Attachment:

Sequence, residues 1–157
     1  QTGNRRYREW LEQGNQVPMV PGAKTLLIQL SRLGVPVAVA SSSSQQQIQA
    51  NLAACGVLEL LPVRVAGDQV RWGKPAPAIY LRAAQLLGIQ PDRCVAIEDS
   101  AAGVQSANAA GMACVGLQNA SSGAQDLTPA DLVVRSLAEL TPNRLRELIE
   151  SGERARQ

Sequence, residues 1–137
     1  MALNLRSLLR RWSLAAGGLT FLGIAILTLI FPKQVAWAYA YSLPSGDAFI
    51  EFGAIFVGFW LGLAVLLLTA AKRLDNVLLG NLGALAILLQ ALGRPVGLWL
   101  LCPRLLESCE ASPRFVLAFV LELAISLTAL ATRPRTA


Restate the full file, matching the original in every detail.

Sequence, residues 1–157
     1  QTGNRRYREW LEQGNQVPMV PGAKTLLIQL SRLGVPVAVA SSSSQQQIQA
    51  NLAACGVLEL LPVRVAGDQV RWGKPAPAIY LRAAQLLGIQ PDRCVAIEDS
   101  AAGVQSANAA GMACVGLQNA SSGAQDLTPA DLVVRSLAEL TPNRLRELIE
   151  SGERARQ

Sequence, residues 1–137
     1  MALNLRSLLR RWSLAAGGLT FLGIAILTLI FPKQVAWAYA YSLPSGDAFI
    51  EFGAIFVGFW LGLAVLLLTA AKRLDNVLLG NLGALAILLQ ALGRPVGLWL
   101  LCPRLLESCE ASPRFVLAFV LELAISLTAL ATRPRTA